“Comment,” Ensign, Mar. 1987, 74
I want to thank your church and its kind members.
Lehi’s dream in the Book of Mormon talks about “numberless concourses of people, many of whom were pressing forward, that they might obtain the path” of salvation, and about the “exceedingly great mist of darkness” that caused many to lose their way and become lost. (1 Ne. 8:21–23.) Until recently, my husband and I were out there in that darkness—lost, tired, worn. We had no knowledge of a path to God, or of an iron rod to guide us, or of a tree of precious fruit. All we knew was darkness. But then we saw a beacon of light in the distance. We headed toward that light and discovered people moving along a path and holding on to an iron rod. And some of them held flashlights. That was the light we had seen! What a sense of relief it was to discover where we were meant to be, to find where we belonged!
Ours is a different world now, and we’re grateful. The sweet members of your church—now our church—are beacons of light for so many lost people.
I cannot resist registering a deeply felt “thank you” for Elder Wm. Grant Bangerter’s article in the July issue. It was timely, insightful, and beautifully expressed.
It seems amazing to me that we have to make publicly the points that God can and does work through people other than those who belong to the Church. But when we have members of the Church saying, as some have, that God does not even hear the prayers of persons who are not Latter-day Saints, we have to recognize that many of our people are indeed excessively close-minded, smug, and offensive.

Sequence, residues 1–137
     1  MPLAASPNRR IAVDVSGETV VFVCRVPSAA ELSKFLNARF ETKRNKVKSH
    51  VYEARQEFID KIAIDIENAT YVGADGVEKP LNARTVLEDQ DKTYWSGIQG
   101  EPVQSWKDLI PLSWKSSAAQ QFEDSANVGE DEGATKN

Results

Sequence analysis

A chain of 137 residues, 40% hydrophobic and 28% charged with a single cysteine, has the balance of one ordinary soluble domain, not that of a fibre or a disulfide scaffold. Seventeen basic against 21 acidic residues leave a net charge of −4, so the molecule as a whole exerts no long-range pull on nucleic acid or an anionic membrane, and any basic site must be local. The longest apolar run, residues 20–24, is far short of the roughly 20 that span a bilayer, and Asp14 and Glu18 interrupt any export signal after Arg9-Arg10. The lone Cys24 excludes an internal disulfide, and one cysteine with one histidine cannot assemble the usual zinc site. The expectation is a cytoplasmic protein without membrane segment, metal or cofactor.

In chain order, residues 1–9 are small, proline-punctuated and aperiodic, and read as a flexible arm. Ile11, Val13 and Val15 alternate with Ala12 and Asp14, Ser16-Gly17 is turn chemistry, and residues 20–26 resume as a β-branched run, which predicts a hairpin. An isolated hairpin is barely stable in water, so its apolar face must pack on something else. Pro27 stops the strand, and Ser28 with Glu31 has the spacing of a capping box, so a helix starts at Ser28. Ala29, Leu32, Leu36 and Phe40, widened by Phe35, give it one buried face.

It was most refreshing to read Elder Bangerter’s counsel that we begin to act the part of Saints in our relations with our fellow religionists. I do hope this will not become just another of the fine articles that are published once and shortly forgotten. It deserves a far wider and longer distribution.
Duane E. Jeffrey
The February 1985 issue was a year old before I was given it as a gift, so I was able to read “They of His Own Household—Living in a Part-member Family” only recently. I know I will go back and read it again and again.
I believe that issue of the Ensign came to me in answer to prayer. I am fifty years old, married, with three grown children. I am also the only one in our family who has joined the Church. Since so much of the teaching at church is family-oriented, I often feel alone. That article brought me comfort and has shown me the way to cope with my lone membership and improve my relationship with my family.
Although the article was published long before I had the chance to read it, it came to me when I most needed it.
Marcella J. Atkinson
Mt. Vernon, Ohio
I feel the “I Have a Question” on page 28 of the July 1986 issue on coping with boredom was inadequate. Yes, we must accept life the way it is, but should we do nothing to add some zest to our mostly routine lives?
Personally, I find learning exciting. While I wash the dishes, dust, or mop the floor, I listen to instructional records and tapes I’ve borrowed from the library. I also find it exciting to try doing new things, as my finances and health allow.
When Christ said he came that we might have life more abundantly, I don’t think he was referring only to the next life. There is much we can do day-to-day to add variety and excitement to our lives.